More and more marketing leaders are being called on to adopt revenue marketing. Rather than simply provide MQLs, they are responsible for driving measurable customer acquisition and sales. All activities they pursue, from easily tracked digital ads to PR campaigns, must show ROI.

Not all PR programs are set up for this nor are all PR programs meant to track sales metrics. Some campaigns are strictly for brand building; sales aren’t a consideration. There could be a host of other strategies that don’t tie to sales. However, for those brands and clients looking for deeper measurement, it’s essential to work with a PR partner capable of exploring the impact of media placements – and using it inform future strategy.

As a Google Analytics certified agency, SHIFT regularly uses Google Analytics to track sales, referrals, backlinks and other goal conversions for clients. At the beginning of a partnership, SHIFT works with clients to pre-determine KPIs within Google Analytics for that program. As the PR program earns placements, SHIFT measures which have the most significant impact on sales, assisted sales, website visits, or other metrics.

What’s measurable

Through Google Analytics, SHIFT measures website traffic referrals from earned media placements. We’ll determine which metrics are essential to track for a specific campaign and then track those on a weekly, monthly and yearly basis. We analyze how an article drove referral sessions (clicks to a client website), conversions (usually sales, a demo request, or lead gen form), assisted conversions (the article was read on the customer journey to an eventual sale) and other metrics such as page clicks, bounce rates and time spent on page.

What’s immeasurable

We can’t ever prove the exact value of a placement. While we can point to the metrics above, some customers drop off and purchase elsewhere. Or they purchase outside of the tracked window. They could share via word-of-mouth to others, influencing additional purchases or a variety of other events could occur. After all, much of public relations falls squarely within the brand building, credibility building and brand awareness categories. Even if we can prove that one article generated or assisted a certain amount of revenue, there’s an argument that it still produced far more value beyond that quantifiable number due to brand awareness, familiarity, word of mouth and other factors.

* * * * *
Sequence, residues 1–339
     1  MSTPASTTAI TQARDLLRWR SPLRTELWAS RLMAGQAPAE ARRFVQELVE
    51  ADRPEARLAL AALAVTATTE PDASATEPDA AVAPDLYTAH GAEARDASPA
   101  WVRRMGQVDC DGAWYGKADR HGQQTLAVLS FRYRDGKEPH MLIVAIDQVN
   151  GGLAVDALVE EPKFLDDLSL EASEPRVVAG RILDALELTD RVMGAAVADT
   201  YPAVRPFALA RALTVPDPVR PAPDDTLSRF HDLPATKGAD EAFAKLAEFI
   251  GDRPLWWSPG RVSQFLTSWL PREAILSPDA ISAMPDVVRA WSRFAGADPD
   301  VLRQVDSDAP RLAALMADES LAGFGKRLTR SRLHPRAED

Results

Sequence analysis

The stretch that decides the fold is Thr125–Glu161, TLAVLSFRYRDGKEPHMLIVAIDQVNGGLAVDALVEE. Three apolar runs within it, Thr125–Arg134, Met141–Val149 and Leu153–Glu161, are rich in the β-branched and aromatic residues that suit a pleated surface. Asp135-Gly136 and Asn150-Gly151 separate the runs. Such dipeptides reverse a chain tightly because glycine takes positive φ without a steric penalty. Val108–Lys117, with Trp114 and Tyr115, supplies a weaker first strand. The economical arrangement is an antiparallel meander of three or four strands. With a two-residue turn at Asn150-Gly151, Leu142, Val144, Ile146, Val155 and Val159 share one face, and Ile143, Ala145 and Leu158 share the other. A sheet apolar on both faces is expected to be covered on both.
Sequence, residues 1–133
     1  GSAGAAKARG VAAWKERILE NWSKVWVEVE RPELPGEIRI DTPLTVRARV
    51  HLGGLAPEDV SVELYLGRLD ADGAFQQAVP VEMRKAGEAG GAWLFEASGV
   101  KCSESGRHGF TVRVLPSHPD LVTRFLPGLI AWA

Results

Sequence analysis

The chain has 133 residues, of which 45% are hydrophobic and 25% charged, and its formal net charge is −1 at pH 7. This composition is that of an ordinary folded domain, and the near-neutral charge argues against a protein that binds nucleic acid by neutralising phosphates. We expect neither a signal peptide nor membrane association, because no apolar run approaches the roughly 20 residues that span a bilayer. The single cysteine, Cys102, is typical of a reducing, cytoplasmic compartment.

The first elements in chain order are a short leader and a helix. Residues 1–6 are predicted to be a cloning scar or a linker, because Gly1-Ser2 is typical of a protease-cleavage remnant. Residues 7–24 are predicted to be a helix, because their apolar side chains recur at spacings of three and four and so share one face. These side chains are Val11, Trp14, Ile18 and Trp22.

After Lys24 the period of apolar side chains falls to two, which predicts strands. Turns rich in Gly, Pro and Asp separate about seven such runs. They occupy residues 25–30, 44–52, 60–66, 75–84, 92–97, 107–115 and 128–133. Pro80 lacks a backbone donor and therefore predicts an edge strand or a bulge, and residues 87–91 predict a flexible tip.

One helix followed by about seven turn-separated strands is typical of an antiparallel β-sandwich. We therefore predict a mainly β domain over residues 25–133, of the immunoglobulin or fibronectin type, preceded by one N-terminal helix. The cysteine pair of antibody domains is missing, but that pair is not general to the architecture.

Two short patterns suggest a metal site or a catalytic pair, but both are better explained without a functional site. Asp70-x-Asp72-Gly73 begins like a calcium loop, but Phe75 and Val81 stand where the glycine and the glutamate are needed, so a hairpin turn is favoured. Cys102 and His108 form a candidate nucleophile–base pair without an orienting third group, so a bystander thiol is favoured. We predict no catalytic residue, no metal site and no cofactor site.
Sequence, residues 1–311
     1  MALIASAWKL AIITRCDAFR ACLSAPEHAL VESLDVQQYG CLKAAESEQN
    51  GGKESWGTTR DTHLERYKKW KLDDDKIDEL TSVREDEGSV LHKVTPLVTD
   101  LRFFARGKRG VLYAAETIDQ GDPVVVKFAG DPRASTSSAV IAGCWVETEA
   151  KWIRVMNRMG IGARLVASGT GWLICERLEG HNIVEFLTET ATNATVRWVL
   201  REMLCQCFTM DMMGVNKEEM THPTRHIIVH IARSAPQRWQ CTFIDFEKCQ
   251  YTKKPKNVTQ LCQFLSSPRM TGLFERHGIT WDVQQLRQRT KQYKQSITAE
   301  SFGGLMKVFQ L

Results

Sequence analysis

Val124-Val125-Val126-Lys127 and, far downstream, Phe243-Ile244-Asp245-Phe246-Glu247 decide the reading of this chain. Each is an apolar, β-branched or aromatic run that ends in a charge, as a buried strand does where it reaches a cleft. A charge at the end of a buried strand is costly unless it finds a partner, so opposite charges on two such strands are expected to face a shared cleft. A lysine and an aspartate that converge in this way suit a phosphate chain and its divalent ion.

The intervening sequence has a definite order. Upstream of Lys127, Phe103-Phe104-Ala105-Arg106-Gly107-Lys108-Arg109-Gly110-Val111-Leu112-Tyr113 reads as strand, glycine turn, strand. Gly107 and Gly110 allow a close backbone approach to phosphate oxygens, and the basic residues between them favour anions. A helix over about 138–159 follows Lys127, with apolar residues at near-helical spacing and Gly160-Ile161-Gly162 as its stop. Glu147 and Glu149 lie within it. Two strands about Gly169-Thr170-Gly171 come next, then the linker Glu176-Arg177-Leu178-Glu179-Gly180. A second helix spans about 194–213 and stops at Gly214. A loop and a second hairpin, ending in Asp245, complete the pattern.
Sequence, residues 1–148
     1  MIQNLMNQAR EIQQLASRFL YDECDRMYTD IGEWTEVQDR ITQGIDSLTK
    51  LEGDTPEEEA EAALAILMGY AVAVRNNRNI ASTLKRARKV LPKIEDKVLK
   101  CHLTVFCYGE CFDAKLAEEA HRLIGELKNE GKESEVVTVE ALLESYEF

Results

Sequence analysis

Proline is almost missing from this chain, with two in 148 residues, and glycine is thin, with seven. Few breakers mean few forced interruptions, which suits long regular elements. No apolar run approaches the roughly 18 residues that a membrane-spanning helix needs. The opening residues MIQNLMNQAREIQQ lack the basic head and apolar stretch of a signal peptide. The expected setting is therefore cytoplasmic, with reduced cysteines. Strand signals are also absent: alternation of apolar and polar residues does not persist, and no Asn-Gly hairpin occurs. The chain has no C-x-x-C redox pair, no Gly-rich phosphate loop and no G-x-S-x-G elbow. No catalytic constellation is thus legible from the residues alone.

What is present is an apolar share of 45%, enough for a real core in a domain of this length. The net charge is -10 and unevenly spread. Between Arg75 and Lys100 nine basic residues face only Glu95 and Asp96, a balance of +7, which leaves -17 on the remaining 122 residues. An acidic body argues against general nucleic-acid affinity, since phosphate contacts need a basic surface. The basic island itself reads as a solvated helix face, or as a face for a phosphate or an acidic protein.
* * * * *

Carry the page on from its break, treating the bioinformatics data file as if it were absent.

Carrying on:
How calculating sales will alter strategy

When you’re able to track which placements drive more click-throughs or sales, you’re able to determine where to focus future earned media efforts and where to allocate additional paid media spend.

If you notice an article driving more sales, you can syndicate the piece to ensure it continues to get eyeballs and click-throughs. You can take the same approach through boosting social media posts. Continue to boost posts with the article link across owned social media platforms. When a placement is bringing success, you want to ensure it spends a longer time on the virtual “front page” through paid spend.

Take note of which articles are driving the sales. This could alter your entire PR strategy. Maybe you thought a product was geared towards men in their 30s, but you start to notice that men’s publications are not driving sales. Surprisingly, women’s publications are the larger driver. A resulting strategy could be to pivot the storytelling focus to women’s magazines to support sales. Another surprise would be if top-tier publications with huge impression numbers drove fewer sales than smaller blogs and influencers. If that’s the case, a pivot towards a more grassroots influencer strategy could serve the client better.

There’s a lot of data to unpack when clients allow PR to dissect Google Analytics. Not only can it lead to more successful PR programs in the short-term, but it can help develop long-term media strategy.

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